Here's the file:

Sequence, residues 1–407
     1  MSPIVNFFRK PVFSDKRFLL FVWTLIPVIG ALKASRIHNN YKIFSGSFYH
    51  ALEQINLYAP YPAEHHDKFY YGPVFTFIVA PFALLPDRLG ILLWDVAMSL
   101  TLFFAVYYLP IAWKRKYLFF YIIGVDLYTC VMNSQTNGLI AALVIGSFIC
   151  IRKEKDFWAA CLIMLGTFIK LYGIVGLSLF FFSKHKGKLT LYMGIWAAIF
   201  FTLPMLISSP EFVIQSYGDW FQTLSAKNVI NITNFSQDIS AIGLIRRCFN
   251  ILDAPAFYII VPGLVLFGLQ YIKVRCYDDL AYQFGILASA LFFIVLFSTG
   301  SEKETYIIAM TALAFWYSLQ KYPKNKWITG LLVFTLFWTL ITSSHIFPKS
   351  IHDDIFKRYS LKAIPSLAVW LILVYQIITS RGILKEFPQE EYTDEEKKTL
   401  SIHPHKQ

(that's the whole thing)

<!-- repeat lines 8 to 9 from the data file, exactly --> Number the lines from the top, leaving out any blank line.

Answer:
   301  SEKETYIIAM TALAFWYSLQ KYPKNKWITG LLVFTLFWTL ITSSHIFPKS
   351  IHDDIFKRYS LKAIPSLAVW LILVYQIITS RGILKEFPQE EYTDEEKKTL